Tiger loves to watch Chef Brad’s Fusion Grain cooking show on our Roku player. He has always enjoyed cooking, but now at 10.5 he wants to cook more and more. This is good… and bad. Mostly he does a great job but sometimes he makes a big mess and gets a little too creative.
I remember I was first taught to bake bread as a married adult. Prior to that, I was freaked out to try. Bread was hard right? It was easy to mess up right? Tiger on the other hand is fearless in the kitchen. I think a large part of it comes from the fact that I don’t often follow recipes to a T coupled with I do make a lot from scratch including pie crust and occasionally bread. I was never afraid of making anything that I remember my mom making- but bread and pie crust were supposed to be too hard according to everyone I met. (For the record my mom says she made bread and I know she made pie crust but I don’t remember the bread and I don’t remember seeing her do either one).
So how did we come upon Sprouted Spelt Potato bread and what does this have to do with Chef Brad? Chef Brad made a spelt potato bread on the show. It looks so easy- dump the flour and the potato water in the Bosch mixer and voila- bread! Now he knew he couldn’t do that because I can’t eat flour and flour products. I can on the other hand eat sprouted grains so he had to start with sprouted flour… that in and of itself can create some challenges and changes with bread making. Furthermore, he wanted to duplicate Chef Brad’s recipe… but he wanted to use a gluten free rice sourdough starter instead of the sourdough starter called for in the original recipe. The big problem with that was that he had no idea that sourdough starter would take several days and he wanted to make the bread ASAP! I also have no idea how it would work to start with a GF rice sourdough starter and then add sprouted spelt flour… someday we will try but this was not the time. I have a recipe for 100% sprouted wheat bread but it uses half moist grain and half dry sprouted grain that you then grind. In order to help him make this bread, I was going to have to get a little creative and help him.
We started with Traci’s Transformational Cookbook recipe for Sprouted Wheat bread and referred to several recipes for conventional bread and then we changed it- almost entirely. Really the only thing we kept the same was the method.
Soak spelt overnight, drain, rinse, and dehydrate. Then grind and sift out 5 cups of flour.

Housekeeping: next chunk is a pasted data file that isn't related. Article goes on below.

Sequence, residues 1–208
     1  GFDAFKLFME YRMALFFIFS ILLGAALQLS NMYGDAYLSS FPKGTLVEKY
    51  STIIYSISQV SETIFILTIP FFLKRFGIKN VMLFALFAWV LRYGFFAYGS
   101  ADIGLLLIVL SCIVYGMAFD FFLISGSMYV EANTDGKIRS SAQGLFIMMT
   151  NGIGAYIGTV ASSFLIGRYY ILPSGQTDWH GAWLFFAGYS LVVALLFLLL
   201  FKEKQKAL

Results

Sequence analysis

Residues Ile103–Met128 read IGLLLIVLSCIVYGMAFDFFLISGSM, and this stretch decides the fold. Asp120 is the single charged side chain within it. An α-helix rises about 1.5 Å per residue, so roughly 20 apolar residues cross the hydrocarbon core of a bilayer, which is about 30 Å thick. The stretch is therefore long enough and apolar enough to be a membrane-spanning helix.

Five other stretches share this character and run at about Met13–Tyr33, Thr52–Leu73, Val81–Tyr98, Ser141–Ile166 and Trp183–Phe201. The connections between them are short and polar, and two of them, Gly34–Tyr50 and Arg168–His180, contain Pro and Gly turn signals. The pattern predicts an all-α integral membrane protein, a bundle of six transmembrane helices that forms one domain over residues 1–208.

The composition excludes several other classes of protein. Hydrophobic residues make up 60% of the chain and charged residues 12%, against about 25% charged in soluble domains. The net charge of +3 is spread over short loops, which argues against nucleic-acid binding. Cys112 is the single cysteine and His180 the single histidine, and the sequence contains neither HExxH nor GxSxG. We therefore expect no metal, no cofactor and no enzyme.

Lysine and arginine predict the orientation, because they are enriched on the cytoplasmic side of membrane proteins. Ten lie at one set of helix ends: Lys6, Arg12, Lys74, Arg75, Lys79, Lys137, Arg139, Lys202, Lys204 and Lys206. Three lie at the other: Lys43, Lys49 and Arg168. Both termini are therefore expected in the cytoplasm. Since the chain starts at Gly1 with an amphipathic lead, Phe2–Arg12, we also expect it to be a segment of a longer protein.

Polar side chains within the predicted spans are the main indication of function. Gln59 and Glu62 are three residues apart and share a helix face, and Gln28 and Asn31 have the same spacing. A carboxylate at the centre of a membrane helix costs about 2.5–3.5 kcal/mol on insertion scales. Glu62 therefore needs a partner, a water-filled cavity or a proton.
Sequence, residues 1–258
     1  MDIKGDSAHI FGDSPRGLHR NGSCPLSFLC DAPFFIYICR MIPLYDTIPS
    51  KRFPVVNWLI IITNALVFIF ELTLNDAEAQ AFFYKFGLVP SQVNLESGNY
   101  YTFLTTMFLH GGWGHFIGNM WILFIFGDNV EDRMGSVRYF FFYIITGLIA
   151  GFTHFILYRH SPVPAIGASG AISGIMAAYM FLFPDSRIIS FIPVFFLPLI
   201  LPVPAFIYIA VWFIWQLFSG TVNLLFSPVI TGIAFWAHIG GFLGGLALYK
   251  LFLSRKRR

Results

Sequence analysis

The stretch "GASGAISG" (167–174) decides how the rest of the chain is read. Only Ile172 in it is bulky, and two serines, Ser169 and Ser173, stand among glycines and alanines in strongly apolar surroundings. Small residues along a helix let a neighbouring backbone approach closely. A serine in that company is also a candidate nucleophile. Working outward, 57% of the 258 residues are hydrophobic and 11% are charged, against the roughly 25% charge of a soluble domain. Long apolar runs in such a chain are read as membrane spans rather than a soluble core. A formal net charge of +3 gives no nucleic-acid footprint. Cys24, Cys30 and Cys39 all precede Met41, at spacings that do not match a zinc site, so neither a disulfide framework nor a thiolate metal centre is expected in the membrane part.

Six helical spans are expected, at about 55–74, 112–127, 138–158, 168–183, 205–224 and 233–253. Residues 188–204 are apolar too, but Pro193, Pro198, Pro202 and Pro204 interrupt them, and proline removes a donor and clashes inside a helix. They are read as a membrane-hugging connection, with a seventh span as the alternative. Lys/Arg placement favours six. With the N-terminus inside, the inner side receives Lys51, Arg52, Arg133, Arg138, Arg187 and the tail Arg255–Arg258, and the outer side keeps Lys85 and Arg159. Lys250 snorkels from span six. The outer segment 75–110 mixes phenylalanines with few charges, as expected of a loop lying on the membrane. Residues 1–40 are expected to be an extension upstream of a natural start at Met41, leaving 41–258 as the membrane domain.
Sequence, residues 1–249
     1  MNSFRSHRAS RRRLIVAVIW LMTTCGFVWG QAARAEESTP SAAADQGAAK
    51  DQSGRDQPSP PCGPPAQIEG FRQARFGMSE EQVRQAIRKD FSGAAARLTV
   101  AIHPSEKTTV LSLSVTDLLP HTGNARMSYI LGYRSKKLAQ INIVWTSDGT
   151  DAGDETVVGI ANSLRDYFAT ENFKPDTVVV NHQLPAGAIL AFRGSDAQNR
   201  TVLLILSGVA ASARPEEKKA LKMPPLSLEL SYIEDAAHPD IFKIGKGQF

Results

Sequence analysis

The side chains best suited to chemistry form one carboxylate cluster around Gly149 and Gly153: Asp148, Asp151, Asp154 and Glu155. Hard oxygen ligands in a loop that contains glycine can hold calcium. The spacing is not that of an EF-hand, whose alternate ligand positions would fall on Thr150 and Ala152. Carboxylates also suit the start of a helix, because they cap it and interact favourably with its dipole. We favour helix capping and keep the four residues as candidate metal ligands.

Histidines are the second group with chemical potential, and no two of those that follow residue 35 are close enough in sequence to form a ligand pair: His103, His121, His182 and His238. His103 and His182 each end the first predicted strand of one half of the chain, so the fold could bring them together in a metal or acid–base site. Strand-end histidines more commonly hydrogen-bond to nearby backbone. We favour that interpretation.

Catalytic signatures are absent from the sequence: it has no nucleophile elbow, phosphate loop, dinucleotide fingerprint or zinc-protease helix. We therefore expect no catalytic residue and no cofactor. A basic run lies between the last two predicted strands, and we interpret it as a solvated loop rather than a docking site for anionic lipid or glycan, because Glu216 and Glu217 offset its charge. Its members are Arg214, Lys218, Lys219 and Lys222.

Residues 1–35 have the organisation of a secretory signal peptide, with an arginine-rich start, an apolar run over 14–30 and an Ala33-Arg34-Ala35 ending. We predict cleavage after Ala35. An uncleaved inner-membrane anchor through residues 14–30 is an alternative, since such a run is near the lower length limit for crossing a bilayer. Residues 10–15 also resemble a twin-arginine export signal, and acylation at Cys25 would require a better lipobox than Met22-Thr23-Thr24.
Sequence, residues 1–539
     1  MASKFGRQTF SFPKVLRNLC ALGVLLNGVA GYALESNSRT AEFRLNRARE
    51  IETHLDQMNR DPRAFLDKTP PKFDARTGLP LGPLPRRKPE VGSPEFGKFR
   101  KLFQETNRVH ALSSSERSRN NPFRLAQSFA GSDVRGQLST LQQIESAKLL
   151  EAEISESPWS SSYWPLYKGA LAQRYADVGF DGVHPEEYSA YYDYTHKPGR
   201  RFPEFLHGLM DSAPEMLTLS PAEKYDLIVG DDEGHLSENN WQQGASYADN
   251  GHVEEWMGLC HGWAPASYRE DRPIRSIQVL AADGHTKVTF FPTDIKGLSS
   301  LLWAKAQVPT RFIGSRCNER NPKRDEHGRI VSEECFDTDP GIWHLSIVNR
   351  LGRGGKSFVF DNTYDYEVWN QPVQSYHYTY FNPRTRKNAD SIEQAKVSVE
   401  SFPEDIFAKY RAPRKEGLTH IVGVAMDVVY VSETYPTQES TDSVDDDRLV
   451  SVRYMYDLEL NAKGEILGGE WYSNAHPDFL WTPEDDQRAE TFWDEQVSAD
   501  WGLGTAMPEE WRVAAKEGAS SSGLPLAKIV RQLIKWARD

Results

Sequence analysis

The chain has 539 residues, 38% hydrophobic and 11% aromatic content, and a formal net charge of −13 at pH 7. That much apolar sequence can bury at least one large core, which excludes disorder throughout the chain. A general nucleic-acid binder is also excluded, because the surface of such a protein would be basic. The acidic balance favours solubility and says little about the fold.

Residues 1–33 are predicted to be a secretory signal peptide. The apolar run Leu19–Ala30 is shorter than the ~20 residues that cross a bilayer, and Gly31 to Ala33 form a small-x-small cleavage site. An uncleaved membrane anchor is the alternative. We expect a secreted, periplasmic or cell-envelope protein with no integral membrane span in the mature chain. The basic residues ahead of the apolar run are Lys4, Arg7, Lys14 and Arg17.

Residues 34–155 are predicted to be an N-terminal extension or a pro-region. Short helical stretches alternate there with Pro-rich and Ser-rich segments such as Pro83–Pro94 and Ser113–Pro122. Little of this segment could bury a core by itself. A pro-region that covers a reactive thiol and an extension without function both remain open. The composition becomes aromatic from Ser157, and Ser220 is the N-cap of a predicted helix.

Boil 1 cubed potato in 2 1/2 cups of water. Measure out 1 cup water and take another cup and blend it with the potato.
1 cup hot potato water (105 or so degrees)
1T plus 1/4tsp Active Dry yeast
1 T honey
2tsp sea salt
4 1/2-5 cups sprouted spelt flour
1 T olive oil plus more to oil the surface, pan, and hands
Mix 1 cup hot potato water with honey, yeast, and oil. Let sit for 5 minutes. Meanwhile, place 3 cups of the sprouted spelt flour in a large bowl and mix in sea salt. Pour the yeast water and the blended potato water into the bowl. Stir to combine. Slowly add the remaining flour. After about 4 cups or so we turned it out on a well oiled board and kneaded the rest in with well oiled hands until he held together. Sprouted grain dough will be STICKY. If you knead it too long it will break down. Don’t knead more than 5 minutes or so. Shape into a well oiled pan and let rise until double- about 30 minutes depending on temperature. Bake at 350 for 40-50 minutes until browned on top. For softer crust, rub all crusts with olive oil.
We put just a bit more than half of the dough in the loaf pan and the rest we pat into a quiche pan. Tiger really wanted to make the rosemary flat bread Chef Brad had made too. I didn’t know that he had recommended not rising the dough and baking on a pizza stone at 500 for 7-8 minutes so we let our flatbread rise (it didn’t get as puffy as the regular bread) and baked it with the regular bread. To make the flat bread, Tiger made finger dimples with his finger tips and then poured olive oil on top. A sprinkle of sea salt, pepper, and rosemary finished it off.
I have to say both breads turned out excellent. They are filling, tasty, and I would consider a success. They are not light and fluffy like white bread, but they are not super dense either.